When it comes to real estate investing, most investors will intuitively think of traditional real estate assets, such as office, commercial, retail, residential, industrial, as well as mixed-use properties.
“What many investors may not have realised is that there is also an array of alternative real estate assets that has been riding on rapidly growing structural demand, and has been seeing growing investment potential over the years.”
What many investors may not have realised is that there is also an array of alternative real estate assets that has been riding on rapidly growing structural demand, and has been seeing growing investment potential over the years. These include medical office buildings, senior housing, student housing, data centres, as well as film studios, among other forms of non-traditional property.
For real estate investors who are keen to venture into non-traditional assets, these offer niche pockets of investment opportunity, which could potentially deliver respectable returns that are lowly correlated with the traditional real estate assets.
Let’s take a closer look at some of these alternative real estate assets.
Medical office buildings
Medical office buildings (MOBs) are specialised properties that serve the healthcare industry, and they are powered by a structural growth in demand for medical services that is relatively inelastic due to various factors – in particular, the ageing populations worldwide.
MOBs are a subset of the office real estate sector but they are specifically tailored to meet the needs of healthcare practitioners, such as doctors, dentists, and other clinicians. According to U.S.-based property investment company, Alliance, MOBs are deemed to be able to generate long-term, predictable income that is potentially “recession-proof”.
With the growing need for specialised medical services in countries due to an ageing population, as well as more advanced medical technology, demand for such real estate is likely to continue to grow and stay firm. And that probably explains why these specialised real estate assets are perceived to be “recession-proof” by some investors.
MOBs have come a long way in some countries, especially in the U.S. According to Colliers research, total investment in MOBs in the U.S. set a record of USD17.4 billion in 2021 – up from USD11.9 billion in 2020. What this implies is that this is an important alternative real estate asset investors should keep a lookout for, and not just in the U.S., but also in countries where an ageing population has been a growing phenomenon.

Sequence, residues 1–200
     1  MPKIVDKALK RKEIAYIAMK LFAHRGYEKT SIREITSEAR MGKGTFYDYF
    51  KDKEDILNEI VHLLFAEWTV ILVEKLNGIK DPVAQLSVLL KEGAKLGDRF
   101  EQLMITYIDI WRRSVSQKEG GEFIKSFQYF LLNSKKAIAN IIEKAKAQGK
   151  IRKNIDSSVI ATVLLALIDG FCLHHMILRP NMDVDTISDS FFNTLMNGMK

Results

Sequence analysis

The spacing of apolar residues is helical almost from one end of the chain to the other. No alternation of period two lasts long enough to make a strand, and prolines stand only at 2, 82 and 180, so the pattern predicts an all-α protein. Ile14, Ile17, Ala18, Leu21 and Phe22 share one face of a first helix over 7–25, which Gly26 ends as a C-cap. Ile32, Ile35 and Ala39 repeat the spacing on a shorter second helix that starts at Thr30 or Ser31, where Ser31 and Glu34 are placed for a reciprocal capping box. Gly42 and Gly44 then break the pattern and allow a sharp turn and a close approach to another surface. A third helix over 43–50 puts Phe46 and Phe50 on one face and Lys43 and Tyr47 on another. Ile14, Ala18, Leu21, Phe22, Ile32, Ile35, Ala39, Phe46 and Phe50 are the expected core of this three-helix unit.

An ageing population and longer life expectancies across the world are not just driving demand for MOBs, but also that of senior housing or senior care homes. This is especially the case in the U.S., U.K., and Australia.
More than just homes, senior housing are communities designed to suit the mobility needs of seniors who are typically above 55 or 62 years old, and help them live under dedicated care and with dignity, among like-minded seniors. Many of these communities offer amenities like recreational centres or clubhouses, which come with an array of activities and services, as well as medical and nursing facilities.
While the senior housing sector is just nascent in most parts of Europe, it is a thriving market in the U.K. Just in 2021 alone, a total of GBP1.4 billion was invested in the U.K. senior housing market. The momentum has continued into 2022, with more than GBP662 million invested in the first half of this year – up 47% from the first half of 2021. It is no wonder that the demand for senior housing in the U.K. is primed for continued growth into the future, according to a recent report by Savills. Across the Atlantic, in the U.S., demand for senior living is also on the rise, and it is expected to register a compound annual growth rate (CAGR) of more than 5.2% from 2022 to 2027.
Senior housing is also catching on in Asia Pacific, with Australia, New Zealand, and Japan being the three key markets that are seeing strong demand growth. China has also been identified as an up-and-coming market of strong growth potential for these specialised real estate assets, with its fast-ageing population.
So, senior housing is indeed an investment trend that real estate investors should look out for.Sign Up at RealVantage
Student housing refers to student accommodations that are commonly known as “purpose-built student accommodation”, or PBSA. In countries like the U.S., U.K., and Australia, limited housing supply has led to skyrocketing living costs for many local and international students over the years. At the same time, demand for high-quality and affordable student accommodations has also contributed to the burgeoning PBSA sectors in these countries.
In the U.K., for instance, research by global real estate consultancy, Knight Frank, has shown that PBSA could be the most cost-effective solution for students looking to avoid the ongoing cost-of-living crisis, driven by inflation that has gone through the roof. This goes to say that demand for such real estate assets is likely to remain strong into the future, even if inflation tapers off at some point in time.
In Australia, the PBSA market is heavily reliant on the demand from international students, of which 79% comes from Asian students. With the return of international students from various parts of Asia, as the COVID-19 pandemic abates, this sector has renewed growth potential.
Up in the northern hemisphere in Europe, many countries are facing a significant undersupply of PBSA stock, which resulted in strong rental growth. In fact, just in the first three quarters of 2022, EUR11.7 billion was invested in PBSA across Europe, and this represents a 130% increase over the same period in 2021. Growth in Europe’s PBSA sector will remain strong, as the young population aged 15 to 19 years old in the key European cities, primarily in southern Europe and Dublin, is also expected to rise by 302,000 by 2027.